OKANAGAN RAIN TO RESOURCE WORKSHOP: Elected representatives lend their credibility to “convening for action” event
Convening for Action in the Okanagan
Held in Kelowna in October 2010, the ‘From Rain to Resource: Managing Stormwater in a Changing Climate Workshop’ attracted almost 120 delegates from around British Columbia. Approximately half the audience came from the Okanagan/Interior. The other half came from the Lower Mainland and Vancouver Island.
Participation of Elected Representatives
The workshop also attracted a significant number of of elected representatives from communities in the Okanagan Valley. Kelowna Mayor Sharon Shepherd and OBWB Board Chair Stu Wells provided context for “convening for action” in their welcoming remarks.
MLA John Slater, Parliamentary Secretary for Water in the provincial government, spoke to this theme: Integrating Rainwater Management: Tools and Policies. A former Chair of the Okanagan Basin Water Board, his responsibilities include Living Water Smart, British Columbia’s Water Plan and Water Act Modernization
Links to YouTube Videos
Kelowna Mayor Sharon Shepherd connected the “convening for action” dots to Beyond the Guidebook 2010 — “In 2006 I was a member of a Mayors and Chairs Focus Group that yielded insights regarding how to lead and implement green infrastructure changes. Also, Kelowna was one of four cities – the othersbeing Chilliwack, Surrey and Courtenay – that were early adopters of the Water Balance Model. Beyond the Guidebook 2010 was an outcome of this related initiatives. The Water Balance Model tool is extremely helpful as we all look at the process for developing urban watershed plans that are outcome-oriented.”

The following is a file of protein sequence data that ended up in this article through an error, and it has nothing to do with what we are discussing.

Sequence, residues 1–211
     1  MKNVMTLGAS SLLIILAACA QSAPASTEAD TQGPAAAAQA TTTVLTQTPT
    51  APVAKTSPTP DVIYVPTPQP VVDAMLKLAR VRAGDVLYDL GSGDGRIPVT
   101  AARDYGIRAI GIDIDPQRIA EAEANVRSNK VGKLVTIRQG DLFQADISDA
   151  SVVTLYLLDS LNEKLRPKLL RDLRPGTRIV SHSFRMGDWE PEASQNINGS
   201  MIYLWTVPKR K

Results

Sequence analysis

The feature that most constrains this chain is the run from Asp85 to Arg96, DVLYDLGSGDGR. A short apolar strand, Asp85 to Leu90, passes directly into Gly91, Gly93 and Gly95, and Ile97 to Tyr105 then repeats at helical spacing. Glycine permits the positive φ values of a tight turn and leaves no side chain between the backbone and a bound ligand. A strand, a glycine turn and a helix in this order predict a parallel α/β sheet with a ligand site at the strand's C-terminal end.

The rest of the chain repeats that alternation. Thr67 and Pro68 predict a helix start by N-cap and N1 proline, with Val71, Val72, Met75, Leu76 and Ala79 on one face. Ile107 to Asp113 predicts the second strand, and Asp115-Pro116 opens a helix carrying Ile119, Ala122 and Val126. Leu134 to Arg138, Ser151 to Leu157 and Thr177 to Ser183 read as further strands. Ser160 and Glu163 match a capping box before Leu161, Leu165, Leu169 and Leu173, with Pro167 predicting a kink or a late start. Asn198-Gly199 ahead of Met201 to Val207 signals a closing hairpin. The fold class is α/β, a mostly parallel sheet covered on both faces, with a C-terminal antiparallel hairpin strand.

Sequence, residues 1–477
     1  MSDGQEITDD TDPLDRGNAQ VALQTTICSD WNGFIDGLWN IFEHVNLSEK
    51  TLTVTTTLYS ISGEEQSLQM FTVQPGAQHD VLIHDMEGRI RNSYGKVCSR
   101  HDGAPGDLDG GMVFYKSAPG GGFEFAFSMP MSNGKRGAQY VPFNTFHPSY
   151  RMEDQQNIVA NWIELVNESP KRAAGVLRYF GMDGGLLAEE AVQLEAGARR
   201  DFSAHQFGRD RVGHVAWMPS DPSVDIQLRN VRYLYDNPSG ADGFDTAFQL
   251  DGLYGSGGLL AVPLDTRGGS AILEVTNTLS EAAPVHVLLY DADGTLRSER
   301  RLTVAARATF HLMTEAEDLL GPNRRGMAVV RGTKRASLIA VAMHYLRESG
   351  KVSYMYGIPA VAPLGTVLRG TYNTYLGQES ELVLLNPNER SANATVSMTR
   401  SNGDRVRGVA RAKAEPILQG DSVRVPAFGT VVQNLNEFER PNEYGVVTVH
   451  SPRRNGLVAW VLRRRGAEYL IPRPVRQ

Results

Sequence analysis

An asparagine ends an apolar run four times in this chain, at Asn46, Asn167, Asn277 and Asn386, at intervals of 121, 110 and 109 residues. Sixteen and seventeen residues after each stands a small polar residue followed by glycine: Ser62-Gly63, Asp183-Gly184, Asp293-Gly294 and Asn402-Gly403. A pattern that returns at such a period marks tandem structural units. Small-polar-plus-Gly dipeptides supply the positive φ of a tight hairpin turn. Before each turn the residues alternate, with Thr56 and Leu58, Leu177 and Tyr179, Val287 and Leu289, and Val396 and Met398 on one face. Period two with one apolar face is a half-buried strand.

Board Chair Stu Wells reminded everyone that there are two Q’s: Quantity and Quality — “We probably all knew that rainwater is a resource, but when we start zeroing in on what we can do, we are going to see how valuable it is. But what about the other Q! It is amazing how many times we look at QUANTITY, and I am from the region that wants to talk about QUALITY. So when we get into rainwater as a resource, it is really important that we recognize the quality of the water that we are dealing with when we put it into our lakes and rivers.”
John Slater, Parliamentary Secretary for Water provided context for ‘designing with nature’ — “Mitigation and adaptation are both necessary and complementary strategies to cope with the climate change challenge. If mitigation is about CARBON, then adaptation is about WATER. Designing with nature captures the essence of climate change adaptation. Adaptation is about responding to the changes that will inevitably occur. Adaptation is at the community level and is therefore about collaboration. Rainwater management is at the heart of designing with nature.”
To Learn More:
This 2-day regional event was co-hosted by the Okanagan Basin Water Board (OBWB) and the BC Water and Waste Association. Click on Final Program for topic and speaker details.